The Galaxy S4 also borrows one of the Galaxy Note II’s best features while leaving the pen behind. Air View lets you preview emails, photo galleries, photo tabs and more just by hovering your finger above the display. This can be a real time-saver.
We can’t decide yet whether it’s a party trick or truly useful, but the S 4’s Smart Scroll is guaranteed to make your friends jealous. Building on the Smart Stay feature in the S III, which uses your eyes to determine if you’re still using the device, you can tilt the device while you’re staring at the screen to scroll up and down when reading content.
Samsung presses your peepers into service in another cool way with Smart Pause, which will auto pause video when you look away from the screen and resume playback when you return.
If you’re worried whether any of these gestures or features will drain battery life, you can always toggle them on/off right from the notification menu via a drop-down box. This is another area where Samsung pulls ahead of HTC.
One feature that came as a surprise to us is S Health, which uses sensors inside the Galaxy S4 to track everything from steps and calories to your dietary habits. It’s kind of strange, but the S 4 will also tell you how comfortable it is around you by measuring the temperature and humidity.
Samsung isn’t stopping here. It will be selling a Fitbit-like accessory in the S Band, as well as a Body Scale and Heart Rate Monitor. All of these items will sync with your phone via Bluetooth.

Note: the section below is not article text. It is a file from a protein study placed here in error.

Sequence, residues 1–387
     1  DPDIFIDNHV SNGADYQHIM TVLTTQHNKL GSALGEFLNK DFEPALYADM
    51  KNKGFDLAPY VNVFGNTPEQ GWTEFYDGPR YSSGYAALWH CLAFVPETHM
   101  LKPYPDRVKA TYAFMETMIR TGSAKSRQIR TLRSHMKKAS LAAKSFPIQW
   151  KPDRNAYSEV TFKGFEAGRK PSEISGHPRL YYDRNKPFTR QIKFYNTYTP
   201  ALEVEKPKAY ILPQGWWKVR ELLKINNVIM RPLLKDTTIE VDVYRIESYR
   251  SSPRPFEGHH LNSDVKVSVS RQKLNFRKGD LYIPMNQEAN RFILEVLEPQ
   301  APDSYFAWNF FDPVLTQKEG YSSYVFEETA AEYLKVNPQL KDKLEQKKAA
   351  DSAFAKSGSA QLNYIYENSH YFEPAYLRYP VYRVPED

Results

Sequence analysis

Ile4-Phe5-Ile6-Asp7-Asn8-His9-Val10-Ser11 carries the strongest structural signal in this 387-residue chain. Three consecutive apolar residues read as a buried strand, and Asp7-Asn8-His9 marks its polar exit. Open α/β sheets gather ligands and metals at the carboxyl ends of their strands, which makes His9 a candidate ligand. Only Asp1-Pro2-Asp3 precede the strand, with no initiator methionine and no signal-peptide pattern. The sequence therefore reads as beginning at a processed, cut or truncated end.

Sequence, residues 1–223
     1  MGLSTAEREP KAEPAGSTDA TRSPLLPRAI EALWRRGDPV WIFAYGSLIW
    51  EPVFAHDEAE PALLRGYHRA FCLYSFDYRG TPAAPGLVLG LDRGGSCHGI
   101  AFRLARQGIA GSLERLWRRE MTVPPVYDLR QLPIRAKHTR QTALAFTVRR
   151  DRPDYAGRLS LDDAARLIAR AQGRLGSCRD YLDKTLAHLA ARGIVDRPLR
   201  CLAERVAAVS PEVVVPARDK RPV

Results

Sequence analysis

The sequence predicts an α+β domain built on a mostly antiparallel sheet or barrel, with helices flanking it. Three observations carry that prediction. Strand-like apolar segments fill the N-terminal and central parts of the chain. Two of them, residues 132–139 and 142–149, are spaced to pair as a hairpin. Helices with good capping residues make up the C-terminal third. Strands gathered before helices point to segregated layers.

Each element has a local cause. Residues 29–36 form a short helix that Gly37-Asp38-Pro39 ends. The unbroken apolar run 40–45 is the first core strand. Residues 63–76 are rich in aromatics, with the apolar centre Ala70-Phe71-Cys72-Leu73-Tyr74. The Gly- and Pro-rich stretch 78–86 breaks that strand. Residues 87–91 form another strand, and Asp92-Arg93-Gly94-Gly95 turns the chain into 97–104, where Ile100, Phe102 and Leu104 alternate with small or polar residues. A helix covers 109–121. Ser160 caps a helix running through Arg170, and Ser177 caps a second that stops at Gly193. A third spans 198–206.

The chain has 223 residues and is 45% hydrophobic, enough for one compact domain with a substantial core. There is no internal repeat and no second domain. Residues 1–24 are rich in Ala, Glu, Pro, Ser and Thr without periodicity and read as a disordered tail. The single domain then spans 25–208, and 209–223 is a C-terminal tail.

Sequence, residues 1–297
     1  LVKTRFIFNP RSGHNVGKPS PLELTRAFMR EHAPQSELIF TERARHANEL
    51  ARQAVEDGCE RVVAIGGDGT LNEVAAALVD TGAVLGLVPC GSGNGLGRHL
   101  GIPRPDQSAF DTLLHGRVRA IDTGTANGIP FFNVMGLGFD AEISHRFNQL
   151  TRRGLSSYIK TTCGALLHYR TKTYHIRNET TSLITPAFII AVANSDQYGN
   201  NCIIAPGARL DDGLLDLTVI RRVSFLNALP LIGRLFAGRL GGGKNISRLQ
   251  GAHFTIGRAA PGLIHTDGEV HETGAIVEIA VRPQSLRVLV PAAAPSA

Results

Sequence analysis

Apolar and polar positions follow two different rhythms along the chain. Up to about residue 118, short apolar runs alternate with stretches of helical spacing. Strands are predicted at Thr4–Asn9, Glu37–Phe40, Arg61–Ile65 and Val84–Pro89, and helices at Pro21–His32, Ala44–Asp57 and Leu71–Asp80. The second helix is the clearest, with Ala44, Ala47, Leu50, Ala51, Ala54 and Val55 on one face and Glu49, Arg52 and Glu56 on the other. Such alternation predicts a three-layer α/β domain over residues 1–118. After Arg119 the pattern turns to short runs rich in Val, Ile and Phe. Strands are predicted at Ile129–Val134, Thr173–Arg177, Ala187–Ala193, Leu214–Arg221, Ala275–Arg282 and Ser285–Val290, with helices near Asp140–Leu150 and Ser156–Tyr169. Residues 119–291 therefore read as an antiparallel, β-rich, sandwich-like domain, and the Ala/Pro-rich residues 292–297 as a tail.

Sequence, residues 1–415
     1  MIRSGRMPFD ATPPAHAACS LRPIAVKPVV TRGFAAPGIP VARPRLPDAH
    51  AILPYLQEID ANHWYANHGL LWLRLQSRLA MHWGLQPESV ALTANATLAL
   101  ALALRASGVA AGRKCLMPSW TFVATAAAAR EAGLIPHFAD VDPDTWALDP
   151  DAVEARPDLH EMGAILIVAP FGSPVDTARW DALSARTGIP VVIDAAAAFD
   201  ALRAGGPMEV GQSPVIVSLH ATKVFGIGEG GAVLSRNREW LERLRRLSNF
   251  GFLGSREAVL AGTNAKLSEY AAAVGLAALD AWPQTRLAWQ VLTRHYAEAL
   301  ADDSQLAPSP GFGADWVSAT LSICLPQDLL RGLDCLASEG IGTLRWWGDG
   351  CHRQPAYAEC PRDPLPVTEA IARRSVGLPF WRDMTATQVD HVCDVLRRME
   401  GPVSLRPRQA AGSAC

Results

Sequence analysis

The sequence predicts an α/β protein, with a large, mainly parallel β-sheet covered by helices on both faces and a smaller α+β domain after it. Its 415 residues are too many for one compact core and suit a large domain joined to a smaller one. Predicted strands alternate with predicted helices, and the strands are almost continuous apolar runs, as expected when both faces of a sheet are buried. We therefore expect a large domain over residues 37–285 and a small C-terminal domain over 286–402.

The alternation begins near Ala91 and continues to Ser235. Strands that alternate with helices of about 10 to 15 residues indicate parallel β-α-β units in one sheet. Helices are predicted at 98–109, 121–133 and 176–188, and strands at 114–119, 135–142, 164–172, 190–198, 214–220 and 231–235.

A useful tool for travel, workers who have international colleagues or anyone trying to learn a new language, S Translator brings language translation to email and the ChatOn app, and there’s a standalone S Translator app. We spoke a phrase in English and almost immediately saw the Spanish translation. S Translator supports nine languages, and it supports both speech to text as well as text to speech.
Another way the S 4 translates things for you is with business cards. The Optical Reader app promises to scan business cards and suck the info right into your contacts. The app also reads QR codes.
Like the Samsung Galaxy Note 8, the Galaxy S4 leverages an IR blaster, Peel software and some of Samsung’s own software smarts to control your TV and find good stuff to watch. You can check programs at a glance, as well as look up On Demand content from Web services, including Samsung’s own.
Speaking of entertainment content, the S 4 now aggregates music, video, books, games, learning content and more, complete with a unified Zune-like interface.
Of course, this wouldn’t be a Samsung phone without new sharing features. The Galaxy S4 delivers with Group Play, which Samsung is really excited about. With this feature, you should be able to play the same music at the same time on multiple S 4 devices. Group Play uses Wi-Fi.
Samsung is also hoping to catch up to Apple in the gaming department. “Asphalt 7″ and “Gun Bros.” are two of the first titles that will let you compete or collaborate over Wi-Fi.
Like its predecessor, the Samsung Galaxy S4 feels a little overwhelming given everything it can do. But Samsung is also trying to reach a broad audience, so the fact that there’s something for everyone isn’t a bad thing. It’s really going to come down to execution.
To us, the dual-shot camera and gestures almost sell the phone themselves. The health and translator features seem like nice bonuses, although S Health can become more valuable if you spring for the related accessories. WatchOn for controlling your TV is similar to the HTC One’s Sense TV, but it’s welcome nonetheless.
As for the design and performance, those hoping for more premium features will be disappointed, but you also wind up with a handset that’s very slim and light for a device with a full HD 5-inch screen. We’ll have to see how long this flagship lasts on a charge — and how much you have to turn off to get through a full day of use. Overall, the S 4’s sheer wow factor should win it many, many fans.